When you file for Social Security disability, you need to ask yourself a question:
Do I have enough work credits?
If you know you do, then keep on going forward with your Social Security disability claim. If you think you may not, then you are going to have to make an extra step in the disability process. And, this step could be critical to you moving forward.
As we all work, we pay into the Social Security system. We earn work credits every three months we work, and these credits are used to qualify us for not only disability but retirement as well. If you have not worked consistently, then you may not have enough work credits to qualify for Social Security Disability Income (SSDI) benefits.
For a quick review, you need to understand that there are two kinds of disability. The first is the above-mentioned
SSDI. Again, as you work consistently, you pay into the system and earn credits. Just like private insurance, these credits "buy" you a continuation of your policy. Once you stop working, you only have so many years before these credits expire and you no longer qualify under this system. If you go back to work, after a period of time, you will reacquire this particular type of disability benefits, and you can file for disability under the SSDI (Title II) system.
The other kind of benefits fall under Supplemental Security Income (SSI). Here, you do not need enough work credits to qualify, but since this disability program is based solely on financial need, you have to have a limited amount of assets and income to qualify.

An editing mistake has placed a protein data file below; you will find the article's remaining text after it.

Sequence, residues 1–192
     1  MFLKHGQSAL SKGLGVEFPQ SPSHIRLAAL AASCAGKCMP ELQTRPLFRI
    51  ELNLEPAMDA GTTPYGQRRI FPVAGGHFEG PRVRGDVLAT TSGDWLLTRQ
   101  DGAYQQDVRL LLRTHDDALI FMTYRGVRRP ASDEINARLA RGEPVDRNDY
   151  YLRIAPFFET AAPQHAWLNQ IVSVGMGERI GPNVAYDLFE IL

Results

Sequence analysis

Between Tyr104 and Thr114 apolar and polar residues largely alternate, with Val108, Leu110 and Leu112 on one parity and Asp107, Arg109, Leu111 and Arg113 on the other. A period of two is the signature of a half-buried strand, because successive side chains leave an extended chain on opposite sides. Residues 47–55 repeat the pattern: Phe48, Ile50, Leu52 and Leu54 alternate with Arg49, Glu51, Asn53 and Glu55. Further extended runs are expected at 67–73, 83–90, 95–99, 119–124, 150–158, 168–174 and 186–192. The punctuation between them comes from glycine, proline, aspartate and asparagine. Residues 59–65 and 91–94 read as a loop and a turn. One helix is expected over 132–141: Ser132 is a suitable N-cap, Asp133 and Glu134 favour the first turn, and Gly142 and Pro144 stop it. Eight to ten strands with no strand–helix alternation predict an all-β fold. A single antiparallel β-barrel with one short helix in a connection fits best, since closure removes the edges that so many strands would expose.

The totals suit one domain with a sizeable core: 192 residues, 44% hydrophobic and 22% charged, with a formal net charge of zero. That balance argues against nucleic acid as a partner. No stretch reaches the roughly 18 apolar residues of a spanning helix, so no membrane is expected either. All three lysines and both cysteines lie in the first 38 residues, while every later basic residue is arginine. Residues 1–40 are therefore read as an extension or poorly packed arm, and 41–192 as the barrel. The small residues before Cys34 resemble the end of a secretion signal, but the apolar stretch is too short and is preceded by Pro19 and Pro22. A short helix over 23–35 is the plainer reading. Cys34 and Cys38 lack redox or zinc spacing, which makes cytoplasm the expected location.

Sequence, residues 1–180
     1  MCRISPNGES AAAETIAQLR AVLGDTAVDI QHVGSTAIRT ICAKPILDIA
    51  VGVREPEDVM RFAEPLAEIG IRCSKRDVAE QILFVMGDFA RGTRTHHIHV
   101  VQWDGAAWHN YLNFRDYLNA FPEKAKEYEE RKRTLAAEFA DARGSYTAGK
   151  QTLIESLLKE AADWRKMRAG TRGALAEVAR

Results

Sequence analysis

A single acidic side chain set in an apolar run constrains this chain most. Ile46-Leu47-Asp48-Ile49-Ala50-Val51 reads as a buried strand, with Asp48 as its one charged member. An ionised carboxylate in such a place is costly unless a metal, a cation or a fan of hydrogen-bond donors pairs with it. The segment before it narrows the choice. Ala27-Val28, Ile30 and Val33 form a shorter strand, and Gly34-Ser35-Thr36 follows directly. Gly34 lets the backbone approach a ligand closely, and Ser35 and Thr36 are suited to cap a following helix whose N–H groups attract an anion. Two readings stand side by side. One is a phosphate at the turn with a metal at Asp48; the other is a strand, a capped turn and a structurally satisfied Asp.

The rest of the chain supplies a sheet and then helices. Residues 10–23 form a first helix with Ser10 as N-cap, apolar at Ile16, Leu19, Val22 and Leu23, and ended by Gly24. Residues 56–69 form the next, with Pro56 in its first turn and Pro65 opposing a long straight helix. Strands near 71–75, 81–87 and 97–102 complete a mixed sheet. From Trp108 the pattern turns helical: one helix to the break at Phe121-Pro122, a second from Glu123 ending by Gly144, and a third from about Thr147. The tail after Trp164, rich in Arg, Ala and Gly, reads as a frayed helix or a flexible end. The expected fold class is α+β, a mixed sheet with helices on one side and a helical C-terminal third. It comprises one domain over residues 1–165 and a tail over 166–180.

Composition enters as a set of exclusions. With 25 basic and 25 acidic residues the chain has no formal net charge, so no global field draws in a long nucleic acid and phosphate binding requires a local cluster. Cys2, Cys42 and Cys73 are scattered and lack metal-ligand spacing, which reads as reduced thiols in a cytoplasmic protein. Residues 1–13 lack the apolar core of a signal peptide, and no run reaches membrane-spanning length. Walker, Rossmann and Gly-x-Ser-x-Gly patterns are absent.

But, both types of disability require you qualify both medically and financially. If you do qualify medically, then you must have either sufficient work credits or be below a certain income and asset level.
So, the basic rule (and there are variations) is this: You must have worked consistently at least five out of the last ten years to qualify for SSDI. Once you have filed your disability application, you then need to look back at your work history and make sure you have worked at least five out the last ten years. The variations come when a person has not yet had the opportunity to work for five years (Ex: someone who is 21 years old).
If you have, and you know you have, then you only need to follow the additional instructions given to you from the Social Security Administration after filing your disability claim. From there, your case will be transferred to your state Disability Determination Service (DDS) and a decision will be rendered on your case.
If you do not have enough work credits/have not worked consistently five out of the last ten years, then you are going to have to schedule an SSI appointment. At this appointment, the Administration will then review your financial information to make sure you qualify. If you have a limited amount of assets, then your case will also be transferred to the state Disability Determination Service and a decision will then be made on your case.
We hope this helps. We help claimants throughout Texas and Oklahoma fighting for their Social Security disability benefits. Please always feel free to call our office at: (888) 780-9125.